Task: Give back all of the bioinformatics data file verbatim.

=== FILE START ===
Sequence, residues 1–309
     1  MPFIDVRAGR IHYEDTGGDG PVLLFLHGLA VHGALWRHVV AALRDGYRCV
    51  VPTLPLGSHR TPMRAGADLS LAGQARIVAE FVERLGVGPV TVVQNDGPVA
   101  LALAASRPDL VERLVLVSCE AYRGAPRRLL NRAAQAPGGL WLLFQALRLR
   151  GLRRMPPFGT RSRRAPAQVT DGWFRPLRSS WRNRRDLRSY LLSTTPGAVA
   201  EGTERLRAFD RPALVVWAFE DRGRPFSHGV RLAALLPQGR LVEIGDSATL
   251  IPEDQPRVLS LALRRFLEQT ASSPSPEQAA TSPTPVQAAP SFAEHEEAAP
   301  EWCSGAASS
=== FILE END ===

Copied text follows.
Sequence, residues 1–309
     1  MPFIDVRAGR IHYEDTGGDG PVLLFLHGLA VHGALWRHVV AALRDGYRCV
    51  VPTLPLGSHR TPMRAGADLS LAGQARIVAE FVERLGVGPV TVVQNDGPVA
   101  LALAASRPDL VERLVLVSCE AYRGAPRRLL NRAAQAPGGL WLLFQALRLR
   151  GLRRMPPFGT RSRRAPAQVT DGWFRPLRSS WRNRRDLRSY LLSTTPGAVA
   201  EGTERLRAFD RPALVVWAFE DRGRPFSHGV RLAALLPQGR LVEIGDSATL
   251  IPEDQPRVLS LALRRFLEQT ASSPSPEQAA TSPTPVQAAP SFAEHEEAAP
   301  EWCSGAASS